When we think about the phrase ‘smart industry’ (a key part of China’s ‘new’ economy), many thoughts spring to mind, such as smart manufacturing, smart business strategy, etc. One element of smart industry is of course technology, and a group of companies that are heavily tech-orientated are the unicorn companies of late. In this section, we look at the rise of unicorns globally and in China as well as the potential impact that China unicorns are having, and will have, on China’s commercial real estate market.
Unicorns – Emergence and growth
The explosive growth of the global tech sector in recent years has led to a wave of new start-ups around the world and with it, a new class of company – the ‘unicorn’. First coined in 2013, a unicorn is defined as a private company with a valuation of over US$1 billion. As of Q1 2018, there were 236 of them worldwide with a combined valuation of US$803.7 billion, according to CB Insights.
While the U.S. currently leads in the number of unicorns, accounting for nearly half of the global total, China is the second largest source with 64 as of 1Q 2018. When it comes to the top 10 unicorns globally by valuation, however, the U.S. and China are neck-and-neck with five each.
China unicorns reaching the US$1 billion threshold quicker
In 2017, nearly a third of new unicorns globally originated in China. This growth is set to continue, buoyed by a new wave of entrepreneurialism and an enormous population of Internet users in the country. In the five years between 2013 and 2017, according to the National Statistics Bureau of China, the number of newly registered companies in China more than doubled from 2.5 million to 6.1 million.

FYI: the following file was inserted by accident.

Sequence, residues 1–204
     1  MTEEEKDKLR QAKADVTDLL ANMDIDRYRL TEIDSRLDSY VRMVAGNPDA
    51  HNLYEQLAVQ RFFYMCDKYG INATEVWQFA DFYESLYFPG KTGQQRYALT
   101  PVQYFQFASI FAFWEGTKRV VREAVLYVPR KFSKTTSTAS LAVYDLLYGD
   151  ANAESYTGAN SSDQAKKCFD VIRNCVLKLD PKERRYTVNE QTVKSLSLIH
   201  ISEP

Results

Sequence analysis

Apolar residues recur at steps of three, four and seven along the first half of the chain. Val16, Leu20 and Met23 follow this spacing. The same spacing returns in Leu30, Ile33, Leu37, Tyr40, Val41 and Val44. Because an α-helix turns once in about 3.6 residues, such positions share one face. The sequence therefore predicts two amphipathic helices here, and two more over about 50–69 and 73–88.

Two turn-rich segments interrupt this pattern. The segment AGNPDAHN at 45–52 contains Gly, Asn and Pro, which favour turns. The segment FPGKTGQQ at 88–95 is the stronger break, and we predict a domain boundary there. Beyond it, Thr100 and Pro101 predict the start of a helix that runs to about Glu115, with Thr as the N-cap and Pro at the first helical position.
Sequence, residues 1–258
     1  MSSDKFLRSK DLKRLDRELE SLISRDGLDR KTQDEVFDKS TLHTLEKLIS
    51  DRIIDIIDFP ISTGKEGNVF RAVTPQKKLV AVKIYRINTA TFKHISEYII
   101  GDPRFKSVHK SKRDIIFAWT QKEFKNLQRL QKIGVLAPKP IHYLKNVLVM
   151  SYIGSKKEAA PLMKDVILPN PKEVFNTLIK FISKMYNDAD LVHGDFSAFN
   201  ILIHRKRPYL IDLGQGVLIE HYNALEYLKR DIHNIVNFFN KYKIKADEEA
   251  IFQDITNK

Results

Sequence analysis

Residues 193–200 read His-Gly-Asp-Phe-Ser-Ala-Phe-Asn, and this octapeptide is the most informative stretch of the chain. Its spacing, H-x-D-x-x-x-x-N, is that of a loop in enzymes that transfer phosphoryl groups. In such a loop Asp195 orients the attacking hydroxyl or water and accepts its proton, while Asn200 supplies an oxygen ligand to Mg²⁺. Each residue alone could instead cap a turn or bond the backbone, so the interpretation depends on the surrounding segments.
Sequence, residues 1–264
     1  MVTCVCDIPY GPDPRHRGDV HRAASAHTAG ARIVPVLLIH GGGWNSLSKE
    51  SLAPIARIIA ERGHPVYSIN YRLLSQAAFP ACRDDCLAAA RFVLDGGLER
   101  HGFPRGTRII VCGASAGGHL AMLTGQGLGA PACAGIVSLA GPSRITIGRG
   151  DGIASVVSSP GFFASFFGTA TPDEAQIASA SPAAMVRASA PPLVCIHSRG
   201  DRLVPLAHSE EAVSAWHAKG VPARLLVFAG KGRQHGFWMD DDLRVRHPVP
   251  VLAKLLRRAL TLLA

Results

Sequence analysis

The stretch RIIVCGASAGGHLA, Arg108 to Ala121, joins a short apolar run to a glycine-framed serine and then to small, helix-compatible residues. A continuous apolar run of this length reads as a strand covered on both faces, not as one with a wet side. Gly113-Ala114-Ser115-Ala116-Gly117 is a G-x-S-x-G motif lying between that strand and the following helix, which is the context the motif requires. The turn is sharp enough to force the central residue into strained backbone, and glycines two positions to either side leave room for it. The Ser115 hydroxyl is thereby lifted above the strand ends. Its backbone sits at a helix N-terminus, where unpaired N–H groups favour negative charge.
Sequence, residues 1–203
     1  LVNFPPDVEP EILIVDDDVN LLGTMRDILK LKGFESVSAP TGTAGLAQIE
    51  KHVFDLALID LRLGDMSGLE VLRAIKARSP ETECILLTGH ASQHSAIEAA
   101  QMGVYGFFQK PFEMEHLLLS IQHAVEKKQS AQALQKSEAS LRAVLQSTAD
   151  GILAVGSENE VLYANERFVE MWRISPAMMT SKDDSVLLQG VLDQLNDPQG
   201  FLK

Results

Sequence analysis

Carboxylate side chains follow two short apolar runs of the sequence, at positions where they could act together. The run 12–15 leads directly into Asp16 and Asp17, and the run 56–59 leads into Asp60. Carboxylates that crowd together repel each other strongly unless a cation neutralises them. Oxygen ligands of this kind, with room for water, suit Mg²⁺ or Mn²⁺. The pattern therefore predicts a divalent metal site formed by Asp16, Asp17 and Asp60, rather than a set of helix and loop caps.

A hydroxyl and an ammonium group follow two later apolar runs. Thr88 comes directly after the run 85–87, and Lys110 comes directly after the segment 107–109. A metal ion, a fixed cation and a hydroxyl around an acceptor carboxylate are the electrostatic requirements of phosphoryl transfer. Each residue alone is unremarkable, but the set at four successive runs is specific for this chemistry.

Meanwhile, start-ups in China are reaching the unicorn threshold of US$1 billion valuations quicker. According to a survey undertaken by Boston Consulting Group, it takes the average unicorn in China just four years to reach that level, compared to seven years in the U.S. As of today, China’s top 10 unicorns have a combined valuation of US$203 billion.
Government support for startups – wide ranging
In its drive to promote innovation-led development, the Chinese government is taking an active role in fostering the growth of start-ups in key industries. Announced in 2015, ‘Made in China 2025’ is a plan to elevate the country to become a global leader in 10 strategic industries, among them artificial intelligence, IT and robotics. It is no coincidence that many of China’s unicorns are companies focused on these sectors.
Elements of ‘Made in China 2025’ include support by way of low interest loans, tax breaks and rental subsidies to startups involved in these industries. More importantly though, in the past three years since the plan was announced, hundreds of government-led “guidance funds” at the central, provincial and local levels have been established to steer financing to such companies.
BAT offering financial firepower
Further enabling the rapid rise of many Chinese unicorns is the backing of Baidu, Alibaba and Tencent (BAT). Each a tech heavyweight in its own right, their combined market capitalization of US$1.1 trillion as of the end of Q1 2018 provides enormous financial power with which to supercharge the growth of Chinese startups. Of the 64 CB Insights-listed Chinese unicorns, 48.4%, according to Crunchbase, have received funding from the BAT group.
What’s more, when breaking down the overall picture to emerging business areas where unicorns are at play, the BAT group in China is also at the forefront of driving investment into several new commercial realms. When compared to U.S. Internet giants and according to S&P Capital IQ, we can see the BAT group is a major force in investing into frictionless on-demand shopping and the changing consumer industry.
Unicorn demand for commercial real estate is expanding